Teen Jobs Are MoreWork Than School
Summer jobs are a gateway to adulthood. Besides putting a little spending money in ateen’s pockets, the opportunity to have a job is a great way for young adultsto get a taste of the real world, learn responsibility, and shape theirfutures. The typical summer jobs –babysitting, lawn work, flipping burgers – have given way to all sorts of newopportunities…and a rash of scams that take advantage of first-time workers. How can you help your children pick a jobthat will be a positive experience?
Parents should be involved with their children’s first jobs,especially in the selection process. Whether you’re checking the paper or cruising websites, you need to becareful. Con men have infiltrated thewant ads, and you should be on the lookout for postings that seem too good tobe true. Sadly, the sort of jobs mostschool-aged workers are qualified for are exactly the sort of ads that ascammer will place, so you need to be cautious.
Be on the lookout for “management training” ads that targetyoung drivers and promise advancement and daily pay, especially if commissionedsales are involved. While some salesopportunities may be legitimate, others prey on inexperienced workers who don’tknow better. The BBB ran into a scam afew years ago in which a company brought in students to sell perfume productson the street. In some cases, themanagers would drop off students in neighborhoods or would drive them far outof town and turn them loose with products. With the loose instruction that they would be charged $8 per bottle andwould keep whatever they made over that amount, the youngsters learned quicklythat door-to-door sales can be difficult, some towns are strict about issuinglicenses to vendors, and that the drivers demanded payment for transportingthem across the city and back. Manyspent days working hard with nothing to show for it. Worse, they were never hired as actualemployees, so there was no work record or taxes withheld on their cashbusinesses. The more successful amongthe students were promised storefront businesses and required to set asideportions of their daily earnings to a building fund that appears to have gonestraight into the pockets of their mangers.
It’s true that the marketplace has changed a lot in the pastfive or ten years, and that more young adults are better prepared and may havean aptitude for working online. Thereare dozens of bogus work offers floating around the internet that could waste asummer and do more to cost teens money than earn any. Monitor e-mails and talk about the sort ofwork your son or daughter is looking into doing. A typical scam that traps adults and studentsalike is sold under any number of titles and job descriptions. If the employer is asking you to accept andcash checks and return any portion of the funds, it’s almost certainly ascam. They may say it’s a producttesting job or a “shopper’s test” – you’re sent a check, told to cash it andsend a large portion of the money back via a wire service to test how well themoney is handled by the service – but the check is no good. By the time you’re notified that the check isbogus, you’ve already forwarded the funds and you’re left holding the bag. It would be easy for a student to think thescam is a golden opportunity.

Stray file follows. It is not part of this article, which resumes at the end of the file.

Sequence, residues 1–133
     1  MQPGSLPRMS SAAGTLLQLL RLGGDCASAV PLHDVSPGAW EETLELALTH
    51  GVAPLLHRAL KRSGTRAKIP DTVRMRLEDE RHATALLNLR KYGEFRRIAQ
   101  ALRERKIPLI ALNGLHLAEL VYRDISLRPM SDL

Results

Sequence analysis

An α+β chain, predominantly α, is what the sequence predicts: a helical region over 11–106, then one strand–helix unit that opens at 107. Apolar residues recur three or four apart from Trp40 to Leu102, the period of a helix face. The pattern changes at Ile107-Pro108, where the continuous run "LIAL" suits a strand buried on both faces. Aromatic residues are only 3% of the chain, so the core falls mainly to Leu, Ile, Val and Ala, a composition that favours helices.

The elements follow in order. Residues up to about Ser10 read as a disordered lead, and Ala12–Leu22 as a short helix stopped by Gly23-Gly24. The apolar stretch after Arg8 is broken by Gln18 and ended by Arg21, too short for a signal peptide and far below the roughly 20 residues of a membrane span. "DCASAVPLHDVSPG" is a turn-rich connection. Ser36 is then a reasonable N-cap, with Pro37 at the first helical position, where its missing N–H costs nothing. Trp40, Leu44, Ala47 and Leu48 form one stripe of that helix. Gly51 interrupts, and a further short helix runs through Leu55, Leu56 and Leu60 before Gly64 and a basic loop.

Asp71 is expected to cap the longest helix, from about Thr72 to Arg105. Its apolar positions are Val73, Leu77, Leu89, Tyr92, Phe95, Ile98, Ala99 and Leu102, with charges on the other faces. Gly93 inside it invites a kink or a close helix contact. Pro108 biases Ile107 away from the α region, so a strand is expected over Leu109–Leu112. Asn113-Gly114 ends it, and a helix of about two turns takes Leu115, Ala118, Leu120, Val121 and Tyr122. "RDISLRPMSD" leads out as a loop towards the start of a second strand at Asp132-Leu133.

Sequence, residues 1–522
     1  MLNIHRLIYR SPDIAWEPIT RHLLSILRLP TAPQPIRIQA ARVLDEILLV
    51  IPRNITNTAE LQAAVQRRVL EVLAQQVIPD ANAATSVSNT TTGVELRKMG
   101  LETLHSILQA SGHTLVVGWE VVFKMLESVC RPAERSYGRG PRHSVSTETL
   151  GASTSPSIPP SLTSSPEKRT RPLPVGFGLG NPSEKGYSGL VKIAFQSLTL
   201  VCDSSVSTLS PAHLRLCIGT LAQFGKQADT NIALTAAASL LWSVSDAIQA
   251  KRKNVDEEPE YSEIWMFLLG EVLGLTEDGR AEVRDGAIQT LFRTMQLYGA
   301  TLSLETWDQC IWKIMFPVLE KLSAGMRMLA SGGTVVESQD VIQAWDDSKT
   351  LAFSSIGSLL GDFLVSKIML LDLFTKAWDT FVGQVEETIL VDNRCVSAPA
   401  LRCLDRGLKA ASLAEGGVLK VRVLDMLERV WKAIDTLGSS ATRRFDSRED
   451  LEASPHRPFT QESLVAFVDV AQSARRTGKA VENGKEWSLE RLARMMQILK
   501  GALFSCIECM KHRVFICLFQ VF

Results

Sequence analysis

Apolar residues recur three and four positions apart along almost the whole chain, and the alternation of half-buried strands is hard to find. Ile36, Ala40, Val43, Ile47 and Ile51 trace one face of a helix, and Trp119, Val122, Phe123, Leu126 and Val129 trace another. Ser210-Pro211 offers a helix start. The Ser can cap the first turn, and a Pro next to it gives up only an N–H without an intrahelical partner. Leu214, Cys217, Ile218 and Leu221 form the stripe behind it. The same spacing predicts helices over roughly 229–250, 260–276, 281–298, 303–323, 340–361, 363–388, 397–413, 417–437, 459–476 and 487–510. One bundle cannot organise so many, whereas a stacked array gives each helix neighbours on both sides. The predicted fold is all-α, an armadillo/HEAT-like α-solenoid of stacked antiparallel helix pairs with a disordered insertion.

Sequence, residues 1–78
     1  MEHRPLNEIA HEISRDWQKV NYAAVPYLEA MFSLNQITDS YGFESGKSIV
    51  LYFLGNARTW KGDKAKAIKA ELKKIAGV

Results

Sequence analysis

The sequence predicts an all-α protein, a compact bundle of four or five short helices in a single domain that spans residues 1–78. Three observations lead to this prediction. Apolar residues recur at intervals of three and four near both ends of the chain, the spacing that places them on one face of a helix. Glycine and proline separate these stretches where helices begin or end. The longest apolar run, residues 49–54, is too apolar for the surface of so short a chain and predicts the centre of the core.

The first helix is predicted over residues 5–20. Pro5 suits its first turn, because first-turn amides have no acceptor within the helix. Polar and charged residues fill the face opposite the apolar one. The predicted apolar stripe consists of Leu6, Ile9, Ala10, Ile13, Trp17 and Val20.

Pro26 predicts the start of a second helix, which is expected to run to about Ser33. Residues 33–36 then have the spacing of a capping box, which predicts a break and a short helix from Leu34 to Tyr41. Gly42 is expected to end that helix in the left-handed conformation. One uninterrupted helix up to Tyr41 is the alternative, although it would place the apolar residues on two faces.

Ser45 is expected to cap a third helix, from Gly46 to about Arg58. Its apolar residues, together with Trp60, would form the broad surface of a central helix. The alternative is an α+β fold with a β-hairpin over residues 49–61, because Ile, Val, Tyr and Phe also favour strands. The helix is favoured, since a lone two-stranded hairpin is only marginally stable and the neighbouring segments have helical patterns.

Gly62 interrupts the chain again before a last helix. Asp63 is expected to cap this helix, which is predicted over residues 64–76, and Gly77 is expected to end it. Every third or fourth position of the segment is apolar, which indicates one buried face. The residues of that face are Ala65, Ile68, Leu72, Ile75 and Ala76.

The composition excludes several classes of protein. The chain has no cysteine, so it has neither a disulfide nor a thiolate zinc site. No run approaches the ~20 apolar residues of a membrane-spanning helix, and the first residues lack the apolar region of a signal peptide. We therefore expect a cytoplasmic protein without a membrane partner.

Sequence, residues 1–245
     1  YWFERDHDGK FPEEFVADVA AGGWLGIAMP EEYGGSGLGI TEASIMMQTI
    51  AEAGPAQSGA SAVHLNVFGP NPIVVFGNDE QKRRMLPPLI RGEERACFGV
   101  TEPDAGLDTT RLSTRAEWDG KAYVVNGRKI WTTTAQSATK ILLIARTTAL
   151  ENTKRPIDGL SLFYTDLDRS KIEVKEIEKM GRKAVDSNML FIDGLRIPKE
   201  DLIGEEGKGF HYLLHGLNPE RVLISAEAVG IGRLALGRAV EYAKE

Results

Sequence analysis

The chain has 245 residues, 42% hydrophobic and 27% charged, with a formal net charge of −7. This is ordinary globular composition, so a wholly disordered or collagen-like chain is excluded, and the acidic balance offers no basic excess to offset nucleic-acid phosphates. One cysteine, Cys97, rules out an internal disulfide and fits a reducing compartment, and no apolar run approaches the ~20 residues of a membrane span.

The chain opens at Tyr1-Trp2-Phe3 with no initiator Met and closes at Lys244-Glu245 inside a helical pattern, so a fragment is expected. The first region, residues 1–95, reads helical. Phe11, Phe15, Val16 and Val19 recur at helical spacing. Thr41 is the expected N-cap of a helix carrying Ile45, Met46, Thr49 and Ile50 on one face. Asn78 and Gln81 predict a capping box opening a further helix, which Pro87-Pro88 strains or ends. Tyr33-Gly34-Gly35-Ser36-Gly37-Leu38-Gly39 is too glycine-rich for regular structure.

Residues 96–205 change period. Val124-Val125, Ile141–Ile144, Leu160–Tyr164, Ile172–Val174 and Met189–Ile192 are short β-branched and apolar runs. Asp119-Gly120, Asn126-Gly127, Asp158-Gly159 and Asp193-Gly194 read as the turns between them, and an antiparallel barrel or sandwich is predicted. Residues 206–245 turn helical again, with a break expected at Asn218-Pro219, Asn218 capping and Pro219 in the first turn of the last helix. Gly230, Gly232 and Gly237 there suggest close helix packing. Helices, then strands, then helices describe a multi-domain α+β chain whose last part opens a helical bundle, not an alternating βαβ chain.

What about data entry? Many teens have access to computers and some have their own laptops, soads promising to pay for simple data work might be appealing. Don’t fall for them. Real medical transcription jobs requiretraining and the pay is often reported to be ridiculously low. Con men may offer to sell what’s supposed tobe a foolproof program, but once they get the cash, you get nothing inreturn.
It’s also important to check out the reputation of employersbefore getting too deeply involved with them. Some online advertisers have used the information gathered fromapplications to steal the identities of applicants. Don’t be fooled by fancy websites oruntraceable testimonials. Check thecompany out with organizations like the BBB. Sometimes, even a Google search for the company’s name will reveal allsorts of complaints.
So where can teens find summer work? Sometimes, the best way to earn the mostmoney is to treat the job like it won’t disappear when school starts again. Just be sure the teens know what they’regetting into and take a hand in checking out the employer before your son ordaughter makes a commitment. .